Throughout this project we have had to adapt and adhere to certain health and safety issues – these have been both annoying and useful, but have certainly changed the path and nature of our work. Our final piece is heavily health and safety conscious, with a completely sealed box. There are some further things we should think about before we start transporting our bacteria though as we are still unaware of the identity of the bacteria, which creates some problems for us… I have managed to find the following research from sciencebuddies.org :
Bacteria are ubiquitous, and live within the human gut, and in every corner of our environment. We come in contact with bacteria on a daily basis. Hand washing is 99.9% effective at decontaminating us from bacteria that might reside on the skin. Therefore, when the proper safety precautions are taken, colonies of microorganisms can be safely isolated from homes, yards, gardens, etc. The majority of microorganisms are non-pathogenic, but bacterial cultures or petri plates that contain any type of bacterial colonies should be treated with general safety precautions.
Another category of concern is studies involving unknown microorganisms. In science fair projects, these studies typically involve collecting and culturing microorganisms from the environment (e.g. household surfaces, skin, soil). These studies present a challenge because the identity, concentration, and pathogenicity of the cultured agents are unknown. Research with unknown microorganisms can be treated as a low-risk study under the following conditions:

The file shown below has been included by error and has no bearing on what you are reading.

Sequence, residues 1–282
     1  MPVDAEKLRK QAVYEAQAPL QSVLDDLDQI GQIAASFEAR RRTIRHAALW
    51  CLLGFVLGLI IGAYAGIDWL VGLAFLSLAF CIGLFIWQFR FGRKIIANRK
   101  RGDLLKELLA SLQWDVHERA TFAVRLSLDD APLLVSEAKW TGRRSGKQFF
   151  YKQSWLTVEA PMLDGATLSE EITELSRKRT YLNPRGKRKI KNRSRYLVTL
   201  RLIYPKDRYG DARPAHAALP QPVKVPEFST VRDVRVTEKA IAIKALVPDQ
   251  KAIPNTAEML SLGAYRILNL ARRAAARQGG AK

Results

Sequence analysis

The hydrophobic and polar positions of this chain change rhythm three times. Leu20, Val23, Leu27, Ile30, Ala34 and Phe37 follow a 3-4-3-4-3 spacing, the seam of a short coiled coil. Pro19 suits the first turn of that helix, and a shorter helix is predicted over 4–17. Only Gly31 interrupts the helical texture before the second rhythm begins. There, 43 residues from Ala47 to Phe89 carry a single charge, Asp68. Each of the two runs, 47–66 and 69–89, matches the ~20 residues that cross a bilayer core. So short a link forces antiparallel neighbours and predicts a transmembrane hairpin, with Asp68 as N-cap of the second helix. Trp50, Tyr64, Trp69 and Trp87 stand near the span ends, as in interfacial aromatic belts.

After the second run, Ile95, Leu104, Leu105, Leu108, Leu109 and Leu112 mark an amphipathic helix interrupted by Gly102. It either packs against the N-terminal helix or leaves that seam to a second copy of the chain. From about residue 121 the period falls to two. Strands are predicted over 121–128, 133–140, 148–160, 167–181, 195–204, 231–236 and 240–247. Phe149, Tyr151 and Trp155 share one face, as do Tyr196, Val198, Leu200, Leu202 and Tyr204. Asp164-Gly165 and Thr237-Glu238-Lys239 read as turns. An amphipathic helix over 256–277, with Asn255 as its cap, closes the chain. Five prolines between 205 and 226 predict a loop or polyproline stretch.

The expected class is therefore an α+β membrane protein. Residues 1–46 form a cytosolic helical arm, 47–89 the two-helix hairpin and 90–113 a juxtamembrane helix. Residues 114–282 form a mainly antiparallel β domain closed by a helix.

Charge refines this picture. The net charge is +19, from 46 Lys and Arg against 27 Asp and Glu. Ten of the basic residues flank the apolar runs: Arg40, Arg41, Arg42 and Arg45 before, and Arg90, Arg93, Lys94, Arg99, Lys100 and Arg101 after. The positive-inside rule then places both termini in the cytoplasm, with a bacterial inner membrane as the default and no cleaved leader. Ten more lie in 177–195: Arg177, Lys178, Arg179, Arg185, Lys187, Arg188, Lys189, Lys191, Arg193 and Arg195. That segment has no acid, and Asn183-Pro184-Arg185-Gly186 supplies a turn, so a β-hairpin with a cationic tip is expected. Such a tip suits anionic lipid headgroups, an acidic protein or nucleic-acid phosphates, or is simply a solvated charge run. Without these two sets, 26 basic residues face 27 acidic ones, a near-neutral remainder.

- “The organism is cultured in a plastic petri dish (or other standard non-breakable container) and sealed. Other acceptable containment apparatus include PetrifilmTM and doubled heavy duty (2-ply) sealed bags.
- The experiment involves only procedures in which the petri dish remains sealed throughout the experiment (e.g. counting presence of organisms or colonies).
- The sealed petri dish is disposed of in the appropriate matter under the supervision of the designated supervisor.” (Science Service, 2006)
If a culture of an unknown organism is opened for identification, sub-culturing, or isolation, it must be treated as a moderate-risk study and be carried out in a professional research setting under the supervision of a competent scientist who understands the risks associated with working with the microorganisms involved.
After reading this, I’m hoping we will not have too many problems – Mark has given us loads of support and has told us where we may have difficulties, for example, when transporting the bacteria from the lab to the gallery. Looking at these guidelines (I may be incorrect) but if the bags remain fully sealed and are heavy duty, everything should be okay. We have been informed that the gallery has permission to have live bacteria displayed.